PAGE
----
This strikes me as related to something I heard recently- I heard it second hand from Joe Rogan, but I believe it's legit- that cancer can be more accurately modeled as cells that have gone into "default" mode. That is, rather than something abnormal, they're unsure of what to do, so they act like a single-celled organism would and just try to eat and reproduce as much as possible. Anyway, this sounds like a promising avenue of research.

By the way, weren't you considering moving back to the US to study pharmacy? You seem to know quite a bit about molecular biology. Why not stick with that?

jubei33
3rd March 11, 04:52 PM
who's Joe Rogan? --Anyway, there's a bunch of theories out there: mitochondrial disease,cancer stem cells, etc. The miRNA version is that mutations cause the cell to act like a pluripotent stem cell in that they can travel and infect other places in the body, which is the basis of metastasis.

older chemo and radiation are similar to carpet bombing, in a way, but they have gotten more and more selective over the years. There are a lot of cancers now that are curable if caught in time. The drugs they use now are generally selective to rapidly dividing cells, as with the CCS and NCCS drugs (cell cycle specific). Others, called alkylating agents, are used to alkylate DNA to effect apoptosis in cancer cells. Still others, like the infamous methotrexate, block DNA synthesis. Most of these are semi-selective towards cancer cells, as they are dividing more often.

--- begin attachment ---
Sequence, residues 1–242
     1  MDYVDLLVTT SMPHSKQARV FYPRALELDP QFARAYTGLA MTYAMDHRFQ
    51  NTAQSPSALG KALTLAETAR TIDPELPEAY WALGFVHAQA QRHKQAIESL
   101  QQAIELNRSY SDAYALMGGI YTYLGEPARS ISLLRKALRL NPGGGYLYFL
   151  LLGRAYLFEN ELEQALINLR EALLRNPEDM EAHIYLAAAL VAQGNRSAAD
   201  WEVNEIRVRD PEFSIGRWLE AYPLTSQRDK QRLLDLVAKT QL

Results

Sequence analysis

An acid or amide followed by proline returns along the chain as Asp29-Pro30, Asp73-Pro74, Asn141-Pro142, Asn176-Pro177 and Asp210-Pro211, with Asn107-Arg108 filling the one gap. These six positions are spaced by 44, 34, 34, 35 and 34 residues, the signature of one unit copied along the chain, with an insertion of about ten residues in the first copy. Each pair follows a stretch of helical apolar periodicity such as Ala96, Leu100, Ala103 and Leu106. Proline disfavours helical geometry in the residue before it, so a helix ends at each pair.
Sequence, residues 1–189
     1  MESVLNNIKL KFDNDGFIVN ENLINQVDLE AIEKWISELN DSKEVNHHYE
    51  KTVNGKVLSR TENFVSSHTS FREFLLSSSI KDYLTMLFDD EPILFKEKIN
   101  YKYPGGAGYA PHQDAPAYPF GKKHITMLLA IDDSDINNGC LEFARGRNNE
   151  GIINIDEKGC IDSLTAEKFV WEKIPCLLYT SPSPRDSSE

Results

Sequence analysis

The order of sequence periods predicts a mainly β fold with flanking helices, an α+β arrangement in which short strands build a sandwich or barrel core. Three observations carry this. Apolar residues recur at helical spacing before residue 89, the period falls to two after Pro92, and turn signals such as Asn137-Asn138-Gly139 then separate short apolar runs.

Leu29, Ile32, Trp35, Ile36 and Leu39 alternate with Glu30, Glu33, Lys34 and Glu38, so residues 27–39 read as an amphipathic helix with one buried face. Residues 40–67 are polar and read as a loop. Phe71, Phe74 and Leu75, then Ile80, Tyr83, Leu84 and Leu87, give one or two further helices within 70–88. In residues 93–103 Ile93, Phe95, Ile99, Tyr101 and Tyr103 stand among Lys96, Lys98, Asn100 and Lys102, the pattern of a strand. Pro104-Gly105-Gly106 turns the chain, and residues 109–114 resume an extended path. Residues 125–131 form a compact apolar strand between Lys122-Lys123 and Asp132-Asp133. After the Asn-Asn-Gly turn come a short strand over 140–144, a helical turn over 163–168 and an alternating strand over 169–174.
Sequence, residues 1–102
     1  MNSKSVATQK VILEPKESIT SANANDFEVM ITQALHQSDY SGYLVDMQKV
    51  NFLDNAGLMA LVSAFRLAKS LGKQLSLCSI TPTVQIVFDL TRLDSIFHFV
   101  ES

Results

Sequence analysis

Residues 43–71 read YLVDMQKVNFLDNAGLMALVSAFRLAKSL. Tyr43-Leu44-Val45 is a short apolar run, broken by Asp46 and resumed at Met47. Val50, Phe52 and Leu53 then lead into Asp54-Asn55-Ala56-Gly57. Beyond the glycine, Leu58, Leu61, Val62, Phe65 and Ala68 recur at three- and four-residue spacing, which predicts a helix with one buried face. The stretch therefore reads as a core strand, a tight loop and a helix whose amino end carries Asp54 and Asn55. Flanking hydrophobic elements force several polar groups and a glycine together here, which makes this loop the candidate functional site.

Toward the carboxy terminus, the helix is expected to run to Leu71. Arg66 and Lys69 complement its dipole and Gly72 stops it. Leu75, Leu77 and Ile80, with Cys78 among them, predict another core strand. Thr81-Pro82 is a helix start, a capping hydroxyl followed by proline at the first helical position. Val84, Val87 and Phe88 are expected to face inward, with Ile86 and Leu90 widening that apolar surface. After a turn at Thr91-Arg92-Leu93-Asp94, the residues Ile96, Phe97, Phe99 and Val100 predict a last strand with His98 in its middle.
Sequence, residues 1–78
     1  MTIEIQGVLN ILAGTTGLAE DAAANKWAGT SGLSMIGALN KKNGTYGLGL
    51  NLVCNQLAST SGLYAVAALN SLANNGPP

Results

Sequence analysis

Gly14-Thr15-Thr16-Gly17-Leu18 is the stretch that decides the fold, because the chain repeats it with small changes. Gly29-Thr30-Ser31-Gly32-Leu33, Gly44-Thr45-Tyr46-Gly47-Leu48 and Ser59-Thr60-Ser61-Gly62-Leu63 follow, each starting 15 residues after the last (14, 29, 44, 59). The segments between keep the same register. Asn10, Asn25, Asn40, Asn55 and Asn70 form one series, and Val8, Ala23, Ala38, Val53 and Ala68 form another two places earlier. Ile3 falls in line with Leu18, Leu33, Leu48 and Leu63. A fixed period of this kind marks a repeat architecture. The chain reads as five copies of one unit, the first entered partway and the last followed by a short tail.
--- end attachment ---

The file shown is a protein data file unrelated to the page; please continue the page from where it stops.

Antiangiogenesis therapies are in use now, actually, and depending on case can be standard therapy. Monoclonal antibodies are used as well to treat breast cancer etc.

trust me, with miRNAs, you will see more of these guys in the future.

------------
Yeah I want to very much. My main "20 year" goal is to work as a drug designer. Pharmacy will give me a back bone in the fundamental skills necessary for it, plus give a job with skills that are useful outside of academia, plus give me a job I want to do. The school(s) that I'm looking at also have additional specializations, like manufacture and design that I want to invest in. They also have a bunch of people that I want to learn from, especially in miRNA and cancer therapies. I already got a decent score on the entrance exam for it, but its competitive to get in and I might have to choose somewhere or something else..

I'm working towards it and I'm looking at 2012 next year, but we'll see how it goes. Right now I'm looking at funding for the rest of the year and finding a good location to live for my family. MY plan B would be to go to grad school for something, probably medicinal chemistry/organic chem.

resolve
3rd March 11, 05:52 PM
I, for one, really hope you get into a school that will help you along this path.

I really see alot of promise in you to do really good things for human health.

jubei33
4th March 11, 03:27 AM
Thanks, I appreciate that vote of confidence.

SFGOON
5th March 11, 10:42 AM
Probably not going to work. Too hard to get the RNAi into the cytoplasm selectively. Best to look into M. El Sayed's work first - has better ideas.

jubei33
5th March 11, 04:49 PM
Probably not going to work. Too hard to get the RNAi into the cytoplasm selectively. Best to look into M. El Sayed's work first - has better ideas.

Which part do you disagree with? By what tactic?

El Sayed's work, it relies on getting monoclonal antibodies for patient specific cancer cells. This tactic is an idea and seen all over the place, but its also going to be expensive to produce on a per patient basis, which is fine for Ricky Rich I suppose. Its a good idea, though, but in a way, it also reminds me of royal rife's machine too.